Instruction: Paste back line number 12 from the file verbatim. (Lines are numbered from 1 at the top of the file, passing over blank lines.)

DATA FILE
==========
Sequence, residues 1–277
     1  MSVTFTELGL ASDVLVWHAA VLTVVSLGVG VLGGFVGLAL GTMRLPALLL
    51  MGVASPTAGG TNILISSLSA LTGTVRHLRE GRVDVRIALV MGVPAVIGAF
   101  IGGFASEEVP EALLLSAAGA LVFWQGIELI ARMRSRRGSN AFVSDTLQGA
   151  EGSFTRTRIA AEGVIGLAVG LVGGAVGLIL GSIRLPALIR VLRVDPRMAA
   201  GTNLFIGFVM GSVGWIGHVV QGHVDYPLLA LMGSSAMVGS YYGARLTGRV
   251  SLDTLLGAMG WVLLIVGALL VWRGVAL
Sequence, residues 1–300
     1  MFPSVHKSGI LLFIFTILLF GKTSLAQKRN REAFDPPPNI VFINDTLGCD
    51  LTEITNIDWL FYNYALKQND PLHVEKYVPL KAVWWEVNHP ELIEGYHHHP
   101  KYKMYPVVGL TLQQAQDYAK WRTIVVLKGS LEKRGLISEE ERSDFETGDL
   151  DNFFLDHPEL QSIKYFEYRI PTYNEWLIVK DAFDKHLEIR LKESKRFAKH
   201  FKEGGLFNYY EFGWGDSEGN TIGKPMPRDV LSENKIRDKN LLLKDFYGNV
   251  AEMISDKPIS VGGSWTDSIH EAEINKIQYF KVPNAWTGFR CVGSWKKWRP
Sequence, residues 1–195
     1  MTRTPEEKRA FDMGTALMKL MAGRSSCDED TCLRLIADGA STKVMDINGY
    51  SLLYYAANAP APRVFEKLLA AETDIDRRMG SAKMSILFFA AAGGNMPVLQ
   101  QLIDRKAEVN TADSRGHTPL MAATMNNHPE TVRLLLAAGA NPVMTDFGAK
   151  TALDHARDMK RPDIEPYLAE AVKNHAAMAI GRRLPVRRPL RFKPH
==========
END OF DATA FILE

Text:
   151  DNFFLDHPEL QSIKYFEYRI PTYNEWLIVK DAFDKHLEIR LKESKRFAKH